With planning and thoughtful choices, you can follow your meal plan for
diabetes when you eat away from home, such as at a party or a restaurant. Here are some
At restaurants, check for online menus that include nutrition information before you go, or ask for this information when you arrive. Most fast-food restaurants have information about the carbohydrate, calorie, sodium, and fat in their food.
pocket guide of nutrition information for common foods at restaurants and take it with you.
Know how much carbohydrate you should have at
Before a party, eat some healthy food. You may be more likely to make healthy food choices when you're with your friends if you don't feel quite so hungry.
Ask if you can bring food to share. You'll have more control if you know there is a healthy choice you like and enjoy.
Plan what you'll do when people ask you to eat more. For example, you could take small servings, tell people you've had plenty of one food and want to try something else, or tell them that everything was good and you just can't eat any more.
Think about your portions
At restaurants, ask for a half-size or lunch portion. At parties, use the smallest plate available.
Avoid all-you-can-eat menus and buffets. Unlimited refills of soup or pasta may sound like a good value, but
they can make it easier to overeat. At parties, avoiding unlimited food might be a lot harder. Focus on talking with others at parties, not on eating the food. Find and join groups of people who are not near the food table.
Appetizers can add a lot of fat and calories (and
carbohydrate, depending on the item). Unless healthy choices are available, you
may want to skip appetizers, especially if weight loss is a goal for
At fast-food restaurants, choose the smallest-size meal
option instead of "super-sizing."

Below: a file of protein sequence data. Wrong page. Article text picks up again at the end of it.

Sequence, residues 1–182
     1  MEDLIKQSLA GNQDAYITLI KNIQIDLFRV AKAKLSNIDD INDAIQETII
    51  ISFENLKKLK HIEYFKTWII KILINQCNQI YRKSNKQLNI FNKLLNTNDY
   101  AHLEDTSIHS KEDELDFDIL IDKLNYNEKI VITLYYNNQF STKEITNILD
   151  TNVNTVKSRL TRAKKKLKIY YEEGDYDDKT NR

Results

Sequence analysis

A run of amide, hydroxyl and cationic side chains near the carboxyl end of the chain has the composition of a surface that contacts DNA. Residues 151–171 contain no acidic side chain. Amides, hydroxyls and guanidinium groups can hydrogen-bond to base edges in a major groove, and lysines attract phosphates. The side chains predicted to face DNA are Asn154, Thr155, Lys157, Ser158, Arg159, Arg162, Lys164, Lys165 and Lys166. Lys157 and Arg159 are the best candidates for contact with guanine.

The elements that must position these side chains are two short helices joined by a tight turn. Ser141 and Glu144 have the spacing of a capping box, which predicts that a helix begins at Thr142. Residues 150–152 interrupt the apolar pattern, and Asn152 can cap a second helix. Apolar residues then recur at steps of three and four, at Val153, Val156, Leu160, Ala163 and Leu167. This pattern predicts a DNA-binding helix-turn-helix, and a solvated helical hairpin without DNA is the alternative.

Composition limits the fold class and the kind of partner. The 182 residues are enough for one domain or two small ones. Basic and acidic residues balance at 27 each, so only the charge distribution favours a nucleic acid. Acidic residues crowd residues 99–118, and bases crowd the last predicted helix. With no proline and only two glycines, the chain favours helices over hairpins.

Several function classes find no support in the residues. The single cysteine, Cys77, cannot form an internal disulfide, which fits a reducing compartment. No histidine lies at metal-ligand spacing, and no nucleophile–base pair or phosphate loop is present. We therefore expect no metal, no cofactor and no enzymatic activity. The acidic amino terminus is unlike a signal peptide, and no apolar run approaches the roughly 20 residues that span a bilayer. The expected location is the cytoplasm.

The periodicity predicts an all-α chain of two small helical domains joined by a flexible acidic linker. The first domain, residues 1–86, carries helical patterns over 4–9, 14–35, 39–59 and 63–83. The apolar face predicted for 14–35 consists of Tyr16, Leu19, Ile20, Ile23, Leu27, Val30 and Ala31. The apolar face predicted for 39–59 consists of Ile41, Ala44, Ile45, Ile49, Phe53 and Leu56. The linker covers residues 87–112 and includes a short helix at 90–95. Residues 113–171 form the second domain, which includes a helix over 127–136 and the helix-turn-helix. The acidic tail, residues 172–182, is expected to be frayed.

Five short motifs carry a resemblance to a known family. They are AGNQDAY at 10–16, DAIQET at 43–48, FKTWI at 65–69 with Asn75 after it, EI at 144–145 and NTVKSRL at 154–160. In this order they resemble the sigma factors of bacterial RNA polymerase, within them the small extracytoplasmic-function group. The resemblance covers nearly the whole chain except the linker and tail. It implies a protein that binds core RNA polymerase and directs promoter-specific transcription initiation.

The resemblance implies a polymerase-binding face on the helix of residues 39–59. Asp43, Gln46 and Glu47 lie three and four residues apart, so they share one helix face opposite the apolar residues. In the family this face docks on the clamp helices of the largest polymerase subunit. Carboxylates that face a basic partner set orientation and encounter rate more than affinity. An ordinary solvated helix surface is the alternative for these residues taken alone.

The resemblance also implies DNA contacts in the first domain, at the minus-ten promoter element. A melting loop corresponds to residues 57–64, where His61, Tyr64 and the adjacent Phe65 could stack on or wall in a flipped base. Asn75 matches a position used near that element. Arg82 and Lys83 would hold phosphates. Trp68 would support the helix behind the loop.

When at restaurants, try
putting half of your meal in a to-go box. Ask your server to bring the box with
your meal, so that you can split the meal before you even take the first bite.
Try splitting a meal with someone else.
Make your meals lower in saturated and trans fat
Foods that are grilled, baked, or steamed tend to be lower in fat
than foods that are fried. Limit foods that are breaded or that come with cream
sauce or gravy.
Control how much fat you use by putting butter, sour cream, gravy, and sauces
on the side of the food, rather than on top.
Instead of creamy dressings, pick reduced-fat or oil-and-vinegar
Choose hamburgers and
sandwiches without the high-fat extras, such as cheese and bacon.
Avoid cream sauces, such as Alfredo,
Add fruits, vegetables, and whole grains
Add vegetables to pizzas and
Choose vegetables, a plain baked potato, a side salad, or fruit instead of fried foods like fries.
Try vegetarian foods. Indian, Thai, and Japanese foods often have a wide variety of
Pick brown rice, whole-grain pastas, breads, and tortillas.
Choose your beverages carefully
Opt for water instead of sugar-sweetened soft
drinks. If you don't like plain water, try other sugar-free or low-calorie
beverages, such as fruit-flavored sparkling water or unsweetened iced
Remember that the calories in alcoholic drinks can add up. A
large cocktail, such as a margarita, can have as many calories as the meal.
How this information was developed to help you make better health decisions.